I used my Glowforge to prototype a low-cost “talking” sign that helps low-vision and blind pedestrians, and submitted it to the New York City Call for Innovation — Enhancing Mobility for Blind and Low Vision Pedestrians challenge. Wish me luck, I’ll know next week whether this wins!
Here’s some things I learned about using the Glowforge to create tactile and highly visible signage for blind and low-vision people:
- Braille etching works quite well! The dots must be raised, so you’ll need to subtract the acrylic around the dots. To do this, I used a Braille font in Inkscape, and used the path-difference function to “punch out” the dots from a rectangle. Note that Braille signage encodes certain common words and letter combinations as special characters, so you’ll want to use a Braille level 2 translator on your text.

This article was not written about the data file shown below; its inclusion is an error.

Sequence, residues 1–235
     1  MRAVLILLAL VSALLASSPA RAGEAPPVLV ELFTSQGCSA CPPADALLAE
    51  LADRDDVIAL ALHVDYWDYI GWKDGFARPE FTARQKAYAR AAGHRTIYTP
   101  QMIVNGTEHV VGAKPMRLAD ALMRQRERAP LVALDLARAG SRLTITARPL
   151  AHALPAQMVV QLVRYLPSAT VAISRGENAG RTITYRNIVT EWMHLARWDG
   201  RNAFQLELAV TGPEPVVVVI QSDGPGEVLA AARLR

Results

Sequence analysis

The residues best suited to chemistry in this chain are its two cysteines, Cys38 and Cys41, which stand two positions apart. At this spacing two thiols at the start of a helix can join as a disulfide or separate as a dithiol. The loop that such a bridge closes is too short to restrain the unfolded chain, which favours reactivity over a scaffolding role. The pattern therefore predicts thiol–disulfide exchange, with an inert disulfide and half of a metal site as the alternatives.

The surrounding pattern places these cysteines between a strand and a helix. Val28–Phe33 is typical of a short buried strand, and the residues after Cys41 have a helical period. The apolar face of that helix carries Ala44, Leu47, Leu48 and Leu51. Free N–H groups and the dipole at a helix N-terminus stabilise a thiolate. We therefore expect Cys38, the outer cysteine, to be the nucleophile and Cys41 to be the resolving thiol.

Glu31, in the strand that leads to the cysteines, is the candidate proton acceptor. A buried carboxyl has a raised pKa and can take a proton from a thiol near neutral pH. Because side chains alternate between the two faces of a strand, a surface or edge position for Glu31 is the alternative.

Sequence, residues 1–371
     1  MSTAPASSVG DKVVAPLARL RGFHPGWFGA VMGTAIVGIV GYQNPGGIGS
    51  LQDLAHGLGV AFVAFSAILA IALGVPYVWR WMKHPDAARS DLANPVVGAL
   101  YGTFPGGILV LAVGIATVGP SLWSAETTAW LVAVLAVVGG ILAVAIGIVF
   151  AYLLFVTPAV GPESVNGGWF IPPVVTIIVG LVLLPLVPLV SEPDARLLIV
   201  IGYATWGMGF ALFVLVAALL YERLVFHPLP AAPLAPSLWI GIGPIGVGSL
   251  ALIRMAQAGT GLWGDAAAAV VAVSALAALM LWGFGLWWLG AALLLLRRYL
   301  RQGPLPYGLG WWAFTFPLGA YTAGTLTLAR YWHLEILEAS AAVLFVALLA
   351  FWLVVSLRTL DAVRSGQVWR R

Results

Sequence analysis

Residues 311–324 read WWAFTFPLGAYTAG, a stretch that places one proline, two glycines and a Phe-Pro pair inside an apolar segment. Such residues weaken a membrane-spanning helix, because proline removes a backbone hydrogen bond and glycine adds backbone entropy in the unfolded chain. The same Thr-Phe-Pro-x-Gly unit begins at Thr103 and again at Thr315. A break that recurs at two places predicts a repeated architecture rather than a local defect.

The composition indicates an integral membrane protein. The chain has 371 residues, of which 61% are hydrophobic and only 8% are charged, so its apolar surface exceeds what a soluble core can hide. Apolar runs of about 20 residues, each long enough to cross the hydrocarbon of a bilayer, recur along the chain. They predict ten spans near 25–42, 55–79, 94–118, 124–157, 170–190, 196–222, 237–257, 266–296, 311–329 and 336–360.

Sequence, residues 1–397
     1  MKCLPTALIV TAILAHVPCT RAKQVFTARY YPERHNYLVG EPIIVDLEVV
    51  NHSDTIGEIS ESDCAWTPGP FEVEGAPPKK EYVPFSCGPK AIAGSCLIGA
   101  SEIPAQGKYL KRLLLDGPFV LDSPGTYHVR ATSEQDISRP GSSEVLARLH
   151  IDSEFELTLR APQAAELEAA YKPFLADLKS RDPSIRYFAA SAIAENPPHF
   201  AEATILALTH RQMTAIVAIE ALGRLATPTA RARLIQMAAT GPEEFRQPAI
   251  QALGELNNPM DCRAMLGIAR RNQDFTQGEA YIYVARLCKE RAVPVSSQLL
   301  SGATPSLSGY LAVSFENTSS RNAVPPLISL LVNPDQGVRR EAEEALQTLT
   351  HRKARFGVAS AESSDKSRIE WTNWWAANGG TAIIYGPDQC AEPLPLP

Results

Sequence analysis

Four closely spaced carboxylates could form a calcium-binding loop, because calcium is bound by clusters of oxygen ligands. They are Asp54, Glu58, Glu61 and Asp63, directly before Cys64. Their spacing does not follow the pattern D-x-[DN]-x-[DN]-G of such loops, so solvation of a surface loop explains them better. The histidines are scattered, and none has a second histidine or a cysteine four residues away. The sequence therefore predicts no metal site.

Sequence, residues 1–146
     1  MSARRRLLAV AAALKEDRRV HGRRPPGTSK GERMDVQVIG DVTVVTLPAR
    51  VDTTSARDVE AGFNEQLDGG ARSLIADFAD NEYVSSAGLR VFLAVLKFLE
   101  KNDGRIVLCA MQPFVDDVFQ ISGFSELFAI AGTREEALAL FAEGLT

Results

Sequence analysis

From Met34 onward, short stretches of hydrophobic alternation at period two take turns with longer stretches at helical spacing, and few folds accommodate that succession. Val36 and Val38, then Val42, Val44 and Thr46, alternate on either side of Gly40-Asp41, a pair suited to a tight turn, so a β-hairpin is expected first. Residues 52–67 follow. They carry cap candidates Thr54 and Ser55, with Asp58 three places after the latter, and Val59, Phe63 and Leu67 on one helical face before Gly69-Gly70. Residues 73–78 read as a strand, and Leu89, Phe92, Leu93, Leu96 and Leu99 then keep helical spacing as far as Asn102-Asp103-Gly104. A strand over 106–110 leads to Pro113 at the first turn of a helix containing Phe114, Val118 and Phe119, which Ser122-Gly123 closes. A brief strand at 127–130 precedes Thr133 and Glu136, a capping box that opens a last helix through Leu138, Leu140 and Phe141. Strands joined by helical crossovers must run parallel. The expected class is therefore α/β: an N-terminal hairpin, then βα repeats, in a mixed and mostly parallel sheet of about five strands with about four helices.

- You can use your Glowforge to etch the top layer of anodized aluminum, which looks really terrific for signs. You’ll need to fiddle with manual settings so you’re not spending much time pointing the laser at the bare metal, otherwise it causes it to heat up and warp (as other threads have discussed, you can’t cut metal, but you can etch it).
- Laser-cut QR codes (which can encode website URLs, serial numbers, or other data) work surprisingly well on most materials, and are a good way to make creations computer-readable.
- I suppose it’s a bit obvious, but white acrylic shapes glued onto a black background really stand out visually and are excellent for tactile signage.
- Glowforge + Raspberry Pi = all sorts of new rapid prototyping opportunities
I wrote this article which gives more project background and accessibility considerations. Let me know what you think!